Bringing Sustainable Retail Design Into Your Store
Environmental designs and decisions within retail operations are now in greater demand, with customers, more than ever before, expecting and demanding sustainability from their high street. This has prompted a significant shift in the UK’s retail environment as green retail becomes inextricably linked to increased profits.
There remains some confusion within the retail sector as to how sustainable retail can be defined. Terminology, such as upcycling and circular economy, can be confusing or misunderstood, deterring some store owners from pursuing their benefits. Due to the associated criticism that comes from greenwashing, whereby retailers can be reprimanded by the public for not being genuine in their intentions, it is perhaps easy to understand why.
However, the benefits of environmental retail design, for both the planet and profits, can no longer be ignored, which is why we’ve collected the fundamental ways in which sustainability can be brought into your high street concept.
There are numerous ways in which a store can source its materials and shop furniture ethically. Local manufacturing produces a smaller carbon footprint, energy supply can be switched to a renewable source, and materials can be made from organic, sustainably grown, or recycled materials.
Making these choices has, historically, been associated with higher costs. However, as demand for such sourcing grows, their cost subsides. It is now more affordable than ever before to support your retail venture, whether it is carbon neutral electricity supplies or locally manufactured store assets, like mannequins and stands offs. Retailers, such as Ikea and Pret A Manger have already begun to make such transitions, promoting their store’s ethical design widely and proudly.
Waste disposal and even recycling is a cost, environmentally and financially. Striving to reduce waste and wasteful practices is an excellent way of improving store sustainability. Impact can be small, such as only printing receipts upon demand, or significant, such as eliminating single-use plastics entirely. The latter may not be entirely feasible at first but any progress will be welcomed by customers and you’ll soon find yourself with the support to do more. Striving to eliminate waste entirely is a key pursuit of a circular economy.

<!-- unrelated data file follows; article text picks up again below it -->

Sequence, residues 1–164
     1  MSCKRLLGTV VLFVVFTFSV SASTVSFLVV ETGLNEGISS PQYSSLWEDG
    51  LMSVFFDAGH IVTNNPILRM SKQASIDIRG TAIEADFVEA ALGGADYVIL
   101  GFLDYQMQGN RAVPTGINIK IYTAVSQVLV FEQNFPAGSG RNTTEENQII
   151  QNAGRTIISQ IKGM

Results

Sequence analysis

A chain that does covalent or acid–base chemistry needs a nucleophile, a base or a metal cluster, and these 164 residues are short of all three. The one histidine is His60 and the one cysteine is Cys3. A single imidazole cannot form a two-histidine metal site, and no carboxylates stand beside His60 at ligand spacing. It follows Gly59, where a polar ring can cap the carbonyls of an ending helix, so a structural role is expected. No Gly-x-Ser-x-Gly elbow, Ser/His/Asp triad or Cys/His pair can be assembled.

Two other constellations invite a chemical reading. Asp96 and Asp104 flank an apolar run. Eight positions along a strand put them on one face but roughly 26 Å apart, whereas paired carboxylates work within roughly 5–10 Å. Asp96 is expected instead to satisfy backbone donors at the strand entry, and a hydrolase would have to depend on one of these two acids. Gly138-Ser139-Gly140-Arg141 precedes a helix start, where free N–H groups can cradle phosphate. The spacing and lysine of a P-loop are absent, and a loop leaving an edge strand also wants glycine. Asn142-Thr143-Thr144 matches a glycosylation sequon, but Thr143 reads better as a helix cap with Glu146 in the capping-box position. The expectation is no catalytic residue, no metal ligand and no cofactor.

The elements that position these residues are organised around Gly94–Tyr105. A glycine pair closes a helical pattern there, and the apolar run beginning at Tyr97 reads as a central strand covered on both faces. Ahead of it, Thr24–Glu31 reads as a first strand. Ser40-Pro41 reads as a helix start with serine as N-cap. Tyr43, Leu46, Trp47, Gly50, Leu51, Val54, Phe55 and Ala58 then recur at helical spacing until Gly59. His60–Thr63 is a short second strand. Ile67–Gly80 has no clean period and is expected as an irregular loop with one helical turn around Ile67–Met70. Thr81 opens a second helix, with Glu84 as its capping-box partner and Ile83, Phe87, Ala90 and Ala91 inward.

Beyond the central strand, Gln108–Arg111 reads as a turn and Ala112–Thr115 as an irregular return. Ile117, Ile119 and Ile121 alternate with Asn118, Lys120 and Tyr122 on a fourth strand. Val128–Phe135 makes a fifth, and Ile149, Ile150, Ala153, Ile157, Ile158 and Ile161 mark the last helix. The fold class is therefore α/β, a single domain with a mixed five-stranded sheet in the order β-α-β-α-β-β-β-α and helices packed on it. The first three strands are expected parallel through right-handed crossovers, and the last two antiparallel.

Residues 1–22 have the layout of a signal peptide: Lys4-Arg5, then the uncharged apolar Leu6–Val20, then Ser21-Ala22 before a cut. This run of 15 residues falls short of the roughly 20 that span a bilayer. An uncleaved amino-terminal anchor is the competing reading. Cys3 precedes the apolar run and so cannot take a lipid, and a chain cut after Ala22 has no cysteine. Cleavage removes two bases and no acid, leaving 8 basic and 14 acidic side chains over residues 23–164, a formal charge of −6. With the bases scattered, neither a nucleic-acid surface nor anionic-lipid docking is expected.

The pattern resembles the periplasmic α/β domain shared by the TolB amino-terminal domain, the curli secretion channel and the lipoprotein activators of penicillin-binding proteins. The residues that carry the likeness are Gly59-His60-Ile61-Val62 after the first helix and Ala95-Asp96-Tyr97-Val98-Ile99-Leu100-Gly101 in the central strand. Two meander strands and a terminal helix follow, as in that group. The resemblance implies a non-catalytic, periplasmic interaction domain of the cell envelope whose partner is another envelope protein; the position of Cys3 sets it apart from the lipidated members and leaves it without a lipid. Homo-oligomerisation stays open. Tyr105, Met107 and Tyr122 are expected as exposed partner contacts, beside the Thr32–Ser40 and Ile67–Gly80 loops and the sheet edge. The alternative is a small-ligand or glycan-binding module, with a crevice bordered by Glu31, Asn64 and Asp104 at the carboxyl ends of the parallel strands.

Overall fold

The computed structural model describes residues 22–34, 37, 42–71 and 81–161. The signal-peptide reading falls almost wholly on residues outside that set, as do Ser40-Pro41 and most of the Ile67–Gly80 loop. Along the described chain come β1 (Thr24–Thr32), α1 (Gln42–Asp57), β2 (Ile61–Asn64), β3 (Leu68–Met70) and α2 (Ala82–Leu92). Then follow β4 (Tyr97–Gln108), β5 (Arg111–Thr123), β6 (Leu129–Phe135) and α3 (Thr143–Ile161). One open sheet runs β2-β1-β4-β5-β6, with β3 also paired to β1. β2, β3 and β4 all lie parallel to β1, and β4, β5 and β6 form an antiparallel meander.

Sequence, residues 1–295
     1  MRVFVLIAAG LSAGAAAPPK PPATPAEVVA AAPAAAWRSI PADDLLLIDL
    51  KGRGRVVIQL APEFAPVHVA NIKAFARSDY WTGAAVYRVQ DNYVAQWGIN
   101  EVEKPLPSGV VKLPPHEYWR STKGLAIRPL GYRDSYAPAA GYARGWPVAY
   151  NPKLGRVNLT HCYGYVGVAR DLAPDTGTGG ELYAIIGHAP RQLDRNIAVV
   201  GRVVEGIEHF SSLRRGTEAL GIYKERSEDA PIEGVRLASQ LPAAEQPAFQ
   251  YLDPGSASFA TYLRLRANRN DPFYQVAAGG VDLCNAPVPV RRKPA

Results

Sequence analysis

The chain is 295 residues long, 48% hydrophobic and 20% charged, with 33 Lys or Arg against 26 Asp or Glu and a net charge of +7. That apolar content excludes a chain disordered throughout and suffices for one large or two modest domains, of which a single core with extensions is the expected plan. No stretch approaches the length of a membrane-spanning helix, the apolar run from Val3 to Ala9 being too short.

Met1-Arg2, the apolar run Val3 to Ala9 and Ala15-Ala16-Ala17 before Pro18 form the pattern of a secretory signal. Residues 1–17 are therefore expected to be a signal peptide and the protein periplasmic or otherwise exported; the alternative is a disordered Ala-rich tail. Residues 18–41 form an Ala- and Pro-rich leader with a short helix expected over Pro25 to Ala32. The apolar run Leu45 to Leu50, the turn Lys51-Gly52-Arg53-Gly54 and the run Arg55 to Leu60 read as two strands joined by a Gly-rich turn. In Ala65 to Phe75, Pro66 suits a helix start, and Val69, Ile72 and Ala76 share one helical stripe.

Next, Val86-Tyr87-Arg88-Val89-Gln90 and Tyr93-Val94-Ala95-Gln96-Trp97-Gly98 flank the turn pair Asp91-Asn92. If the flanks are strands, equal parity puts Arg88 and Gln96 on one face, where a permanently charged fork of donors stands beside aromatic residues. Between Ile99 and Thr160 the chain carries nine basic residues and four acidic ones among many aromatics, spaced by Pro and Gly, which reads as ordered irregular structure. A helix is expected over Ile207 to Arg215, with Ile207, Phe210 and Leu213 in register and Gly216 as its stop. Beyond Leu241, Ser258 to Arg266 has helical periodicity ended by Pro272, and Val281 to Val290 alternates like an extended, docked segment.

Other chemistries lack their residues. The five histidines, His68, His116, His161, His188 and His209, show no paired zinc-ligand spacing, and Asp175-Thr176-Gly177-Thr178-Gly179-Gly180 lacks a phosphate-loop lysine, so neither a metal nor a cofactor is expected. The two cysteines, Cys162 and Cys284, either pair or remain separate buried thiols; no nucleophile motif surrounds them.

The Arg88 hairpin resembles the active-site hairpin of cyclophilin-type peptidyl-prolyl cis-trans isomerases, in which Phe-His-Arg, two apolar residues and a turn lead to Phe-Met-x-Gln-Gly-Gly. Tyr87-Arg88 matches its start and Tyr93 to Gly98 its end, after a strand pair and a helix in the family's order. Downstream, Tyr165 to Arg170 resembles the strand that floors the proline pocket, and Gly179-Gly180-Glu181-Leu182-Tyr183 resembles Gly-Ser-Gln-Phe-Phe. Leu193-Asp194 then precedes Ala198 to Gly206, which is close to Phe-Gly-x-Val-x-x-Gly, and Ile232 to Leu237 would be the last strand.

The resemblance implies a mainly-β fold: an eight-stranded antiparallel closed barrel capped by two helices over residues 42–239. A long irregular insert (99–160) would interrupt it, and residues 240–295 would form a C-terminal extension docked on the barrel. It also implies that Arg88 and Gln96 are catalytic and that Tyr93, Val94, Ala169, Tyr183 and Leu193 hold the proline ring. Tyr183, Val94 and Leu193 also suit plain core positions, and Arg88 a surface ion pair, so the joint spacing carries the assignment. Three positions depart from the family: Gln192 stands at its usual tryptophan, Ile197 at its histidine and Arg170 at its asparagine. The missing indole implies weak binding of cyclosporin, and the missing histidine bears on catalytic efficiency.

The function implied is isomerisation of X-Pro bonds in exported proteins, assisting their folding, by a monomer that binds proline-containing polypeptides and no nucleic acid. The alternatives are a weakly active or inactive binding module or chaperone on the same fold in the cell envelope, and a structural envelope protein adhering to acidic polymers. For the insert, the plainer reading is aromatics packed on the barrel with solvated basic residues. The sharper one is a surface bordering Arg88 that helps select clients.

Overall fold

Incorporate Recycled Design
An effective way to both reduce waste and build a sustainable design is to embrace recycled and upcycled features. The distinction between the two is as follows:
Recycled design reuses items that may have otherwise been wasted
Upcycled design transforms and improves items that would otherwise have been wasted
Within a retail concept, this can mean sourcing recycled materials, such as paper, for pamphlets, preventing the need for new materials to be used. Whereas upcycling second-hand materials can mean refurbishing broken furniture or displays into something usable and new. For example, certain stores across the UK are reclaiming broken tiles and scrap paints, using them to decorate their store spaces in exciting and sustainable ways.
Switching To Local Suppliers
Locality improves your store’s carbon footprint by reducing the amount of carbon spent transporting goods to your store. Choosing, for example, to eliminate reliance on imports for UK-based alternatives will do a great deal to impress customers supporting your business. In addition, you will also be supporting like-minded local businesses too, who will then be able to grow and improve the services.
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